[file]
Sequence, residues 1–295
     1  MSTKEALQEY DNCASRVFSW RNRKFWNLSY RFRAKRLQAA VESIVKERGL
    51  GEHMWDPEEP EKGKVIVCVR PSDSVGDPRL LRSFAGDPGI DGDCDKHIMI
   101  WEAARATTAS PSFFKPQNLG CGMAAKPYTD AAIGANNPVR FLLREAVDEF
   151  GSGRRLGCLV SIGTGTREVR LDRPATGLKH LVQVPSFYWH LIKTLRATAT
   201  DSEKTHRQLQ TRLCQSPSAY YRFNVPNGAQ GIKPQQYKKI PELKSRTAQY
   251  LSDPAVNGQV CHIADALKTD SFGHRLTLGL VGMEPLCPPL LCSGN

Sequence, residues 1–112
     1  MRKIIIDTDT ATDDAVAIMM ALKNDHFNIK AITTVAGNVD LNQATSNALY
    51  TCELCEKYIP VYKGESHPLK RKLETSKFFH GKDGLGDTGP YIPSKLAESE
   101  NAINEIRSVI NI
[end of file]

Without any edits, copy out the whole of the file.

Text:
Sequence, residues 1–295
     1  MSTKEALQEY DNCASRVFSW RNRKFWNLSY RFRAKRLQAA VESIVKERGL
    51  GEHMWDPEEP EKGKVIVCVR PSDSVGDPRL LRSFAGDPGI DGDCDKHIMI
   101  WEAARATTAS PSFFKPQNLG CGMAAKPYTD AAIGANNPVR FLLREAVDEF
   151  GSGRRLGCLV SIGTGTREVR LDRPATGLKH LVQVPSFYWH LIKTLRATAT
   201  DSEKTHRQLQ TRLCQSPSAY YRFNVPNGAQ GIKPQQYKKI PELKSRTAQY
   251  LSDPAVNGQV CHIADALKTD SFGHRLTLGL VGMEPLCPPL LCSGN

Sequence, residues 1–112
     1  MRKIIIDTDT ATDDAVAIMM ALKNDHFNIK AITTVAGNVD LNQATSNALY
    51  TCELCEKYIP VYKGESHPLK RKLETSKFFH GKDGLGDTGP YIPSKLAESE
   101  NAINEIRSVI NI